Like most Catholics, I have been following the debate surrounding the HHS mandate. Quite simply, it would have been impossible for me to avoid it as my Facebook feed has been inundated with articles and blog posts covering every angle of the controversy. As I perused the information and different perspectives, I began to wonder if the real story of the whole fiasco was the reaction to the mandate, not the mandate itself.
I have been following the intersection of politics and faith for years, and I cannot recall a similar outpouring of Catholic protest in my life. Since the Kennedy compromise of the 1960s, Catholics have been determined to place country ahead of faith in order to win a place on the center stage of the political arena. As a result, the political voice of the church has grown weaker and more divided in the following decades, but something changed a few weeks ago.
The Catholic community has come together to speak powerfully and publicly on a key moral issue. For most of my adult years, the mainstream media has focused on the sexual abuse scandal when covering Catholicism. For once, the bishops are not in news to defend their actions during a dark period in our history, but instead they have been forcefully and unanimously promoting a teaching of the church.
Catholic intellectuals, who are often divided among liberals and conservatives, have come together speaking as one to demand repealing the mandate. Any trepidation found in our priests is gone as sermons on Sunday have grown bolder and more direct. President Obama did not intend to unify and vitalize the Catholic Church, but he and his advisors clearly underestimated the response of the faithful.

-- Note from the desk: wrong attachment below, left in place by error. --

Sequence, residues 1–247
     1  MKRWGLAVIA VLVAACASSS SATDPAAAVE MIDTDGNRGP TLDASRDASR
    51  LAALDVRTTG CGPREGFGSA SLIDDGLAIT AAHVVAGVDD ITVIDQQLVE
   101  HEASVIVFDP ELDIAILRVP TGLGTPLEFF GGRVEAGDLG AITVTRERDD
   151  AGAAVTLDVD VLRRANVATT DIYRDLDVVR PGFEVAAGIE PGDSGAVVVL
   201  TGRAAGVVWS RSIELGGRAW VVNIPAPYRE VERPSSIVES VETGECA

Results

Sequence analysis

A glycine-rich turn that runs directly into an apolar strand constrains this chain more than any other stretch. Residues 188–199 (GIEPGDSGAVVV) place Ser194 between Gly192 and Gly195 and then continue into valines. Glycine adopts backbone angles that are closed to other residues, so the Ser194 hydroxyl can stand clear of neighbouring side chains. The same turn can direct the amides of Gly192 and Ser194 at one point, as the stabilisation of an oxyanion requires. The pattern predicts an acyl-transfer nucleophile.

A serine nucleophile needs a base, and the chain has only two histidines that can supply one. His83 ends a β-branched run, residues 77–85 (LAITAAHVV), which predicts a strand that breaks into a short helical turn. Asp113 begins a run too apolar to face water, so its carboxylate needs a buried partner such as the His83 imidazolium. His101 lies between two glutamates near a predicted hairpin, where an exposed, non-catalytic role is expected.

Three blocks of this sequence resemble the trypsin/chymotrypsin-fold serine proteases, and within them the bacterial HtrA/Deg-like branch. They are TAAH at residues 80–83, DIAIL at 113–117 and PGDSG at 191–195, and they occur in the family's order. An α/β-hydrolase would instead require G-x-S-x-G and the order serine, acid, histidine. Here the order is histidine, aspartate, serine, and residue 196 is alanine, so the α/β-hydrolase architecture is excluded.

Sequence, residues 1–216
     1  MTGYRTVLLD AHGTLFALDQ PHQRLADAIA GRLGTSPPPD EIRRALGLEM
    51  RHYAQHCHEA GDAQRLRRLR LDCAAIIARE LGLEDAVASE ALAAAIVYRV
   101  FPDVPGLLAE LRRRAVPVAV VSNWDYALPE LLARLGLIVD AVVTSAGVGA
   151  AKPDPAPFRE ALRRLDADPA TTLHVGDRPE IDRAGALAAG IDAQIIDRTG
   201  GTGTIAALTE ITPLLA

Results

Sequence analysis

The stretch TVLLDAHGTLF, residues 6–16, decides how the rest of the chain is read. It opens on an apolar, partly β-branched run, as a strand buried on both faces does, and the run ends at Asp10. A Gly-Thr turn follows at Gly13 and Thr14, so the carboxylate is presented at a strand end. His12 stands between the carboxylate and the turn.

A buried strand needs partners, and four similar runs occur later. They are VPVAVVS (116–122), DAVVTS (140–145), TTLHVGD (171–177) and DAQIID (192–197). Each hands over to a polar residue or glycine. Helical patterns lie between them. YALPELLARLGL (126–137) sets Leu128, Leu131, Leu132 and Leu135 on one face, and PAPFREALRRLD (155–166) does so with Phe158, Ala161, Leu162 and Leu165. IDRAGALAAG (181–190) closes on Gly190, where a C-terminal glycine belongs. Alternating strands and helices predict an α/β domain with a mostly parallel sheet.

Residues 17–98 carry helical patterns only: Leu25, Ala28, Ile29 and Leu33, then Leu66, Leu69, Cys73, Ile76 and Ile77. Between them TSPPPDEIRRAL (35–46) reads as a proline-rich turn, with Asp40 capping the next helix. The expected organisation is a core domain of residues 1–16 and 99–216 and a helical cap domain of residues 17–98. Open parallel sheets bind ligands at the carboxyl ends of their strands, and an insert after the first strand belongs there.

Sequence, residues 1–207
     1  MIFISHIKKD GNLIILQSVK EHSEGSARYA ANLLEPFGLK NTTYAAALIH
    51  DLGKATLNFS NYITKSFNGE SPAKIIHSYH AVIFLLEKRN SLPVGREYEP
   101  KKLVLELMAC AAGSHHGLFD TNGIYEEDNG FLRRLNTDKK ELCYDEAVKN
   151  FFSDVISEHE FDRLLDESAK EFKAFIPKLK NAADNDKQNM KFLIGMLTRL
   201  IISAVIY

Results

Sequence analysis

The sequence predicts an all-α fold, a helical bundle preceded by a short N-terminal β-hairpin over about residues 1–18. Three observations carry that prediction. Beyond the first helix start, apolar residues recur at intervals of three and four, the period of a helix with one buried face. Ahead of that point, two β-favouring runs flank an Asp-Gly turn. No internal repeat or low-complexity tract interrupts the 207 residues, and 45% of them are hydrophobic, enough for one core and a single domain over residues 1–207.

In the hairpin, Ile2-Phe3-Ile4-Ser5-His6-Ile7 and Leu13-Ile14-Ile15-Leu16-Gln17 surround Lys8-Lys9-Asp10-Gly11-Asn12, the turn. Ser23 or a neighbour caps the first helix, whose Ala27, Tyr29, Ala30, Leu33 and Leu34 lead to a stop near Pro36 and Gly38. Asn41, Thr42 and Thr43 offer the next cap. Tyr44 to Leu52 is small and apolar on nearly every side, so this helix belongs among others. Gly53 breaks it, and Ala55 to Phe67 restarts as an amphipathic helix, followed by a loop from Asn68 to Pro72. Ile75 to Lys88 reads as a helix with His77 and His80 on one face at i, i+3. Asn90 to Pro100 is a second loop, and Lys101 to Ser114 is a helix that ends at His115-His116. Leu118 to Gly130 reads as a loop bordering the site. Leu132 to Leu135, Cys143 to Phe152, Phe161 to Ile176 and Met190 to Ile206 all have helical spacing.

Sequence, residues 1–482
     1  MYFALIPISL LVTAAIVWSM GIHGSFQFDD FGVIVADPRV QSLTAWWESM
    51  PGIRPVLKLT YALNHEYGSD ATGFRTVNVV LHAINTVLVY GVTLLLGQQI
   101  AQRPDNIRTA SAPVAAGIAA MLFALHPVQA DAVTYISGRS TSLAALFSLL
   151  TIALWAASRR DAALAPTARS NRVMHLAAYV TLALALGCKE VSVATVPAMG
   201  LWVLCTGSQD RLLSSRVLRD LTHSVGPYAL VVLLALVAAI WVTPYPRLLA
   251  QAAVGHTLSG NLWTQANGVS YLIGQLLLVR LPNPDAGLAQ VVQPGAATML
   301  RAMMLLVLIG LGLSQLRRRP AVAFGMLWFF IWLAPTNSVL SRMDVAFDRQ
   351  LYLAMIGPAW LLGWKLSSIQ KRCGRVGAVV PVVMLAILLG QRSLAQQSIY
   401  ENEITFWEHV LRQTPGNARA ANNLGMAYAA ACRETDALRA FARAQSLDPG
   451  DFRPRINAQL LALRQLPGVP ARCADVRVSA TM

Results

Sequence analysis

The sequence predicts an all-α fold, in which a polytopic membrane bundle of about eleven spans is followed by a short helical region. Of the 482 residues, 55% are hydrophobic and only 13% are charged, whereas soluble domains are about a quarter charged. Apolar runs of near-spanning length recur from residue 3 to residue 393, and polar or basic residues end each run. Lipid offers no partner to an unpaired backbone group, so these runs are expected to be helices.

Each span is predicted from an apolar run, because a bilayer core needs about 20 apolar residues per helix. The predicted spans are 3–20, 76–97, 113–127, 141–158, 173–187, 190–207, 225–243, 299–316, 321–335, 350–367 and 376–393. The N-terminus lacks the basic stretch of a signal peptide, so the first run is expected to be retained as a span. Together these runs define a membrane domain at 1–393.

This episode highlights a consistent storyline in the history of the church: persecution only helps the church grow. Examine the Irish under British rule or American Catholics during the era of nativism or the Polish amid the Cold War. They all faced great obstacles, yet Catholicism flourished. On the other hand, the faith tends to stagnate after the discrimination subsides. Individuals, perhaps, become too comfortable and take their ability to practice their faith for granted.
I wonder if among the petitions and protest letters, will a Catholic send the president a thank-you note? Thanking him for reminding us that we should not assume that we have the freedom to practice our faith, for uniting the church and helping place aside our differences, and for emboldening the leaders of our church.
(The last thing I want to do is underplay the very real and difficult struggle facing Catholic institutions. Clearly, any gratitude I have for the mandate is tongue-in-cheek. I am trying to highlight the upside to this debate in that God rewards our efforts and not our successes, and even though Catholics have been on the losing end of many recent political struggles, we can take solace in the resistance of our leaders and many of the laity.)